BigPond brown-out sullies Telstra results sparkle

Less than 24 hours after delivering a massive $4.12 billion annual profit and $1.5 billion dividend bonanza to shareholders, the success of Telstra's operational cost cutting has been jaded by another brown-out at the telco's BigPond ADSL service.

While precise details of the Melbourne-based glitch remain typically elusive, end users of BigPond ADSL service again found themselves wading through the Internet yesterday and today at crippled speeds, prompting BigPond resellers to issue notifications to customers.

With the glitch understood to have started at around 3am Thursday August 12, BigPond reseller SwiftBroadband was still issuing advice to customers that there was no resolution in sight almost 30 hours later at 9.38 am Friday August 13.

"SwiftBroadband advise [that] Telstra service issues are still ongoing, there is no ETR at this time," stated the SwiftBroadband customer advisory texted to customers.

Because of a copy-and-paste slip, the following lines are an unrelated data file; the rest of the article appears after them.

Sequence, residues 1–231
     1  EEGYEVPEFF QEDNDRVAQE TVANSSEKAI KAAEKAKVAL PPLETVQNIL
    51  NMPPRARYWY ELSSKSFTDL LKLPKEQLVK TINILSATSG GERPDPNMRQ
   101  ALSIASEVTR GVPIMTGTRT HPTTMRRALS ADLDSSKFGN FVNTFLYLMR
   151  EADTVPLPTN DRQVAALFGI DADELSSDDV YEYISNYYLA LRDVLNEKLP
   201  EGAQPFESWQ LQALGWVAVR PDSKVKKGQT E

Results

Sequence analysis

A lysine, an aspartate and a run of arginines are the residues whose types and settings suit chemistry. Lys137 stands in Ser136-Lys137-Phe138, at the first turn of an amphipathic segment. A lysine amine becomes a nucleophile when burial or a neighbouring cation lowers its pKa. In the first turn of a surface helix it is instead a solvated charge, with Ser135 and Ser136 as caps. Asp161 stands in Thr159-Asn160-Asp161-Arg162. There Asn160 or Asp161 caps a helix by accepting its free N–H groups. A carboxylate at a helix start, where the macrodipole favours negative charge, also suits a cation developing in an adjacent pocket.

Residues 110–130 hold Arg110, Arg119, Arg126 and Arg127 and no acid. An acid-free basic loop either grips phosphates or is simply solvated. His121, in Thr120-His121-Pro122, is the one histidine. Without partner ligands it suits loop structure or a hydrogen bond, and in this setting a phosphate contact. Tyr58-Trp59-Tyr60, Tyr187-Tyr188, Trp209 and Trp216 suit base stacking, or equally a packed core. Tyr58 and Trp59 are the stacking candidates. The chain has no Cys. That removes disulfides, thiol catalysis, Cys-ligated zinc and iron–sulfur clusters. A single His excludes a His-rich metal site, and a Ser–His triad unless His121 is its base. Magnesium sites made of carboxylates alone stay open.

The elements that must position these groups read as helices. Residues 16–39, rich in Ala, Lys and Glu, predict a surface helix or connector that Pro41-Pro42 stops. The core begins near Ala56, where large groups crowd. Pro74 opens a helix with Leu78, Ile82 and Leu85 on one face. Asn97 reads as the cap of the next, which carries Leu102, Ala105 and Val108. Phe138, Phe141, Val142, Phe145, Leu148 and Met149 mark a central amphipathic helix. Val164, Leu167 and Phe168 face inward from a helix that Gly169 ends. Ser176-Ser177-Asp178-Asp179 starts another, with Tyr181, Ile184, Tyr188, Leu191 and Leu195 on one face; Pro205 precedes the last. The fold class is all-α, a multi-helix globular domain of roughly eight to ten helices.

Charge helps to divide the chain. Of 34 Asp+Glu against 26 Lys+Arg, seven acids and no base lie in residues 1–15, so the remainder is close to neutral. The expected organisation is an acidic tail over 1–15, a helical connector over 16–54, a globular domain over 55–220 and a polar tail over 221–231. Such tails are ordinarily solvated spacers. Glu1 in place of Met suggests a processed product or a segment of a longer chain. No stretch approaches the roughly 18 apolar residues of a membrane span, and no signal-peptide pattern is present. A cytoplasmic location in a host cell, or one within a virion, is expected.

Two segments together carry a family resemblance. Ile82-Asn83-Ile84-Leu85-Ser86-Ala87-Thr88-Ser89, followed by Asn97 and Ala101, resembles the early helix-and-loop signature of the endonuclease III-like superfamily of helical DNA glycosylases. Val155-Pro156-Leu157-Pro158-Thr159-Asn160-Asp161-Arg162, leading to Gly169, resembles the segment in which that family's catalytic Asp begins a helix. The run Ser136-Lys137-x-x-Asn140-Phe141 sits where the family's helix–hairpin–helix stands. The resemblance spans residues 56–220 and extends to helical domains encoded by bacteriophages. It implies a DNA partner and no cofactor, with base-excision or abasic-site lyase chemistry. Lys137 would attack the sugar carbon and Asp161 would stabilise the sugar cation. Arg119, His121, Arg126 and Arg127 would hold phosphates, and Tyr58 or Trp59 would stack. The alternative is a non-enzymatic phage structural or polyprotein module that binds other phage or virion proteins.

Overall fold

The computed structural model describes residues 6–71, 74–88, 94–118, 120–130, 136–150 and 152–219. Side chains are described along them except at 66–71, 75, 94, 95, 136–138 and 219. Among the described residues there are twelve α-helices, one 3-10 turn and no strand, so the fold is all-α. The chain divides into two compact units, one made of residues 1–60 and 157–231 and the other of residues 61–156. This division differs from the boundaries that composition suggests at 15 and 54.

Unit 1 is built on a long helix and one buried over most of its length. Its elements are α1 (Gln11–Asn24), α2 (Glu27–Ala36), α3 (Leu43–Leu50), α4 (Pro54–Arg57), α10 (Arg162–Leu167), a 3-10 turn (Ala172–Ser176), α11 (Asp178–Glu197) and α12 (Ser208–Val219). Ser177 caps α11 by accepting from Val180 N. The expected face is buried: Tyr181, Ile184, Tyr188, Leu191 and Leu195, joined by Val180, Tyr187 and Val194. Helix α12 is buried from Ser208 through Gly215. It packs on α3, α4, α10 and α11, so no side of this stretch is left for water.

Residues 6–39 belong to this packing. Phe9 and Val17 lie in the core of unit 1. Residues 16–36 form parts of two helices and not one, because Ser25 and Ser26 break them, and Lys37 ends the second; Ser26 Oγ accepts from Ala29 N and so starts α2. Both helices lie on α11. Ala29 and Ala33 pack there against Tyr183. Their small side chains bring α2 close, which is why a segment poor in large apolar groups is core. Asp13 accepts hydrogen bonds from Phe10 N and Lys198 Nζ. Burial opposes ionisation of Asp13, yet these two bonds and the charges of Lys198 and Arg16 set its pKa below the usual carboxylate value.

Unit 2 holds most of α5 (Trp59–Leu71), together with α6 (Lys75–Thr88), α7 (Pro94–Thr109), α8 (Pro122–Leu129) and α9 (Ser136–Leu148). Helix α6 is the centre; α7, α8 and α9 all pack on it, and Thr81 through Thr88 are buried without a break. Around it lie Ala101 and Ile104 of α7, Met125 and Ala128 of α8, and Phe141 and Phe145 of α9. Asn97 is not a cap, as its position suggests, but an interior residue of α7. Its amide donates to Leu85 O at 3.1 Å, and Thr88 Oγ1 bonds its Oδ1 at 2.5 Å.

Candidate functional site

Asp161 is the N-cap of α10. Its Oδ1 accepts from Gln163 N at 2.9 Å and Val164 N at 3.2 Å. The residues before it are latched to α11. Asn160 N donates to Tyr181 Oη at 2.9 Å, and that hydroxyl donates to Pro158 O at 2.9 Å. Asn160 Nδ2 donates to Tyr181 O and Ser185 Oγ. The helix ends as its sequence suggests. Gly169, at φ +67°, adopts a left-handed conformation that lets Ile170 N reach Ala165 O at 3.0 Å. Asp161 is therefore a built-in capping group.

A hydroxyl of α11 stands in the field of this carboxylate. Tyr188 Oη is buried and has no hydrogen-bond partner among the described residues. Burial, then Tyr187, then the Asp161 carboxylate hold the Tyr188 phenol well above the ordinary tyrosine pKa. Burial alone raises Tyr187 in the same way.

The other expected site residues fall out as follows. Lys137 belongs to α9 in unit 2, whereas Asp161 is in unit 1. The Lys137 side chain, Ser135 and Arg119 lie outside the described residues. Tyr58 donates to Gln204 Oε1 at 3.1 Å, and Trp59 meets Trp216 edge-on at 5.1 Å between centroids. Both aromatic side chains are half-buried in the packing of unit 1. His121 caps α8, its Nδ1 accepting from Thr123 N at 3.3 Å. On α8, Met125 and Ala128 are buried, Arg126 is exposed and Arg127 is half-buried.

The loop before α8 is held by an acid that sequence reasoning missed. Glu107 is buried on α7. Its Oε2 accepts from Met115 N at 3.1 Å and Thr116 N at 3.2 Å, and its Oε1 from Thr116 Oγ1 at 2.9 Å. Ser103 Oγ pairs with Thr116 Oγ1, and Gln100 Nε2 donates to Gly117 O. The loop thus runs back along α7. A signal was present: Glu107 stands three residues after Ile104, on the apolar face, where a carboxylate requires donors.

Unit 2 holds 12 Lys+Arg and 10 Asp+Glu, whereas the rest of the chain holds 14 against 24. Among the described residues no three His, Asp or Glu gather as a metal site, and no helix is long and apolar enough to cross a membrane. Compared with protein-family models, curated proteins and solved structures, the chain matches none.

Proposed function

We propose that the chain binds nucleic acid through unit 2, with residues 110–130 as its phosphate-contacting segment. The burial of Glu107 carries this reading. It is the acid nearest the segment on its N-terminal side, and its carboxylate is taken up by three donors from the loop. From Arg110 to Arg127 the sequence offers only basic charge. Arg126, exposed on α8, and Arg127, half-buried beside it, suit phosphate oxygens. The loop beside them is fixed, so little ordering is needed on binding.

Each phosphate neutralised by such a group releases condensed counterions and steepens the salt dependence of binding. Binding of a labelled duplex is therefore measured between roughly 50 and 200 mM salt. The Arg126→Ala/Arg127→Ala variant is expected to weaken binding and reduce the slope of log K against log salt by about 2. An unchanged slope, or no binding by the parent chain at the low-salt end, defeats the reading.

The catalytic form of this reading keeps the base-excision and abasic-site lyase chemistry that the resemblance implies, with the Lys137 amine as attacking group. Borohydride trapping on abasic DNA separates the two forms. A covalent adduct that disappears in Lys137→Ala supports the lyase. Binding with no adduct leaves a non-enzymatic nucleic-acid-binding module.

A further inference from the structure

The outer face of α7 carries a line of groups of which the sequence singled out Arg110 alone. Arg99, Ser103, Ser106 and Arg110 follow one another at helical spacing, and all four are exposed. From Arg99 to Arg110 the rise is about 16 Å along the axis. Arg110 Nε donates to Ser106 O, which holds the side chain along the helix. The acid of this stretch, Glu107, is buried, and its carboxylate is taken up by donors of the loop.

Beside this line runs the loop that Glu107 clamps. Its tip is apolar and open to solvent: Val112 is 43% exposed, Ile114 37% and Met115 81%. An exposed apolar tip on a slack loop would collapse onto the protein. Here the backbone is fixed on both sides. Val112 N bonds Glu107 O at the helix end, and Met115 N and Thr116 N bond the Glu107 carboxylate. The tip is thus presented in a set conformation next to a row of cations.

An IT manager who asked to remain anonymous questioned why services at BigPond had been restored "some three to four hours prior to Swift's".

The IT manager said he had accounts with both SwiftBroadband (Sydney) and BigPond (Melbourne), and became suspicious when the BigPond service was restored but Swifts was not.

Telstra spokesman Warwick Ponder went to big lengths to strenuously reject any suggestion Telstra may be favouring its own customers over those of its wholesale resellers.

"[Service restoration] was done state by state. There would have been some states where [resellers had their services restored] before BigPond [and vice versa]. Telstra has made a big effort to make sure wholesale BigPond customers are treated equally to BigPond [retail] customers. That's been a big priority," Ponder said.

Ponder attributed the current BigPond speed slump to a "software problem…on the network", resulting in ADSL customers who connected and "got knocked off" still appearing to be connected.

Ponder said the brown-out affected around 10 per cent of BigPond's customers, wholesale and retail.

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Julian Bajkowski

Computerworld
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